<h3>Fun and Friends</h3>
Other aspects of life will also change. You may find your concentration is affected by your blood sugars, which is why testing often will help you keep your mind focused on your school work. Spending a little bit of time on your diabetes will let you spend more time later with your friends and schoolwork. Parties, with tons of fattening food and alcohol, are not an impossibility with diabetes but they do take some forethought. Before you go to a party, talk with your educator about the best approach for handling a party. Alcohol will often drop your blood sugars, and in the energy of the party, a low blood sugar can often be mistaken for drunkenness. It's important to continue testing while you're out. There's no need to give up the fun, just make sure you are paying attention to your body.
Keeping your diabetes to yourself can be very dangerous. If you have an emergency where your blood sugar is too high or too low, you will need help and the best way to get help is if someone knows what's wrong. You don't need to broadcast it to the world, but telling your close friends on campus will make life much easier. Explaining diabetes to new friends or a new romantic interest should be done at your own person discretion. It's always better to be open and honest, but you should talk about diabetes when you're comfortable.
<h3>Outreach and Support</h3>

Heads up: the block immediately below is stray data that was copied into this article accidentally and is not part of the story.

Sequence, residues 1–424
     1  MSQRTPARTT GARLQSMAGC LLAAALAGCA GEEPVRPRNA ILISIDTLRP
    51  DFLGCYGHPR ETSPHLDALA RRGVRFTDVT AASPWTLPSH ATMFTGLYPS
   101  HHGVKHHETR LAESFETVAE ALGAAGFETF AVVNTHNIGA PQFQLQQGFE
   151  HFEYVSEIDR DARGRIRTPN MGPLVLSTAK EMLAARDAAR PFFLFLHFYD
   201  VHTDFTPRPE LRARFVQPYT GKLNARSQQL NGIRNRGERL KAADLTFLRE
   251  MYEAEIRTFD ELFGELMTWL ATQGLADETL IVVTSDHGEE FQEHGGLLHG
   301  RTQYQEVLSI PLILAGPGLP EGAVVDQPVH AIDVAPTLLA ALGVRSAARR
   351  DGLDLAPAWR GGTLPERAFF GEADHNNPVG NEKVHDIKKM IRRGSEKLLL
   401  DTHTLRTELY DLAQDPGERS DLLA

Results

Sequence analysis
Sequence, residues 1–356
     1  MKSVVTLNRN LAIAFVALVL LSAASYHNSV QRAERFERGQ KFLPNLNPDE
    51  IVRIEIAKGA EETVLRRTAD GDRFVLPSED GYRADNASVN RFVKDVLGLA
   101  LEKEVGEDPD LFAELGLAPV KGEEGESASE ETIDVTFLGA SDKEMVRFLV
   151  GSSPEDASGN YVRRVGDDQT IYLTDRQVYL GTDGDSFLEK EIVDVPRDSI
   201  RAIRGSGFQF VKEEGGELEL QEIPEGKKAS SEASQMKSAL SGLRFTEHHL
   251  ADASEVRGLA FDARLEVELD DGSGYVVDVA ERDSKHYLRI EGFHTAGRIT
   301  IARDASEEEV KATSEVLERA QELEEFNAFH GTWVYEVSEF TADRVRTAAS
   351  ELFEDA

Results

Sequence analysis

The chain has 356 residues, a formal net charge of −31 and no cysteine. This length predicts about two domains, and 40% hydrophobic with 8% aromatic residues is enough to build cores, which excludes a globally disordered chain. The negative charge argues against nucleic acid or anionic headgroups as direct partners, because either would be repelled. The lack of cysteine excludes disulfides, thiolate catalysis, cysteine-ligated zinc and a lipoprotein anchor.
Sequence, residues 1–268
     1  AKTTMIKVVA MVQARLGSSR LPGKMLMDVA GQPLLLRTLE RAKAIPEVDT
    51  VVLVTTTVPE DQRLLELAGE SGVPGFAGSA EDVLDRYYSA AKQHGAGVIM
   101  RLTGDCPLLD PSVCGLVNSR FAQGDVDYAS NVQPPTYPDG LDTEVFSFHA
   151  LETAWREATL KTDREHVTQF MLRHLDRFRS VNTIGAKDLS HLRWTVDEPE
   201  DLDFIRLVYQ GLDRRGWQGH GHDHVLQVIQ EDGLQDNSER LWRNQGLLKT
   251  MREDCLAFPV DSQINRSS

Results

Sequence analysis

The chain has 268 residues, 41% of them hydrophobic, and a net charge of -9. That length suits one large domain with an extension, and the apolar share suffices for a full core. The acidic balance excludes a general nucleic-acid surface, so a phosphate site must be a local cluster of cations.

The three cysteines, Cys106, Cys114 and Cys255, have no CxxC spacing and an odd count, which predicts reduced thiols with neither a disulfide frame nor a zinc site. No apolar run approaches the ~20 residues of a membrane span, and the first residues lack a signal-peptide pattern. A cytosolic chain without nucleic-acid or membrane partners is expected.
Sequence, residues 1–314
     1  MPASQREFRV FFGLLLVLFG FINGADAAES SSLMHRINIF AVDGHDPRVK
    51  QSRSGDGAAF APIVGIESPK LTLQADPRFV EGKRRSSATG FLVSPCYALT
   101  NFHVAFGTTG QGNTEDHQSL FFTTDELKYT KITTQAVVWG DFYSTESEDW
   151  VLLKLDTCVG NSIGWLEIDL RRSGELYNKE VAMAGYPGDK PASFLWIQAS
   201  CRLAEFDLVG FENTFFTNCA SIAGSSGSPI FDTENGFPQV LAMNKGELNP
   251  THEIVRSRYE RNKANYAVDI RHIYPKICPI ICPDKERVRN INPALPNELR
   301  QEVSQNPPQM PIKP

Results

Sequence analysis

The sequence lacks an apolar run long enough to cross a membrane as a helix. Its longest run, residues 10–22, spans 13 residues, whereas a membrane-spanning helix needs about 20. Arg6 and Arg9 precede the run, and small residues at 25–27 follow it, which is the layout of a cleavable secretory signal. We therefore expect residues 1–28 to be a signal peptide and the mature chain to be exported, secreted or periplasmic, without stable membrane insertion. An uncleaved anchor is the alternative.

<blockquote>It was good to be with people that understood what I was feeling and empathized with my concerns. Even just to make fun of ourselves sometimes was just what I needed to get through the day. Now I couldn't imagine not having my diabetic community there to support me.</blockquote>
Besides talking to campus staff and faculty and your friends, it's also important to talk to people who really know what you're going through. Your student health center might be able to put you in touch with other students with diabetes. Your local Juvenile Diabetes Research Foundation chapter may also have suggestions for local college students or young adults with diabetes who you can talk to. There are also several places online where you can find support. TuDiabetes.com, a social network for people with diabetes, has almost 3,000 members, including dozens of young adults. They also have a special group just for college students with diabetes. DiabetesTalkfest.com is also a great resource. They host regular chats with some of the leading experts in diabetes.
"It wasn't really until I immersed myself in the Tour de Cure and began talking on TuDiabetes that I became okay with what was happening to me," says Jess, a 22-year-old college student who was just diagnosed in December 2007. "It was good to be with people that understood what I was feeling and empathized with my concerns. Even just to make fun of ourselves sometimes was just what I needed to get through the day. Now I couldn't imagine not having my diabetic community there to support me."
Living a healthy, happy life in college while you have diabetes is absolutely possible. "There has been nothing in my life, since my diagnosis, that I have not been able to accomplish simply because I am diabetic," says Riely. With some hard work, support, and an open mind, you can accomplish everything you set your heart on.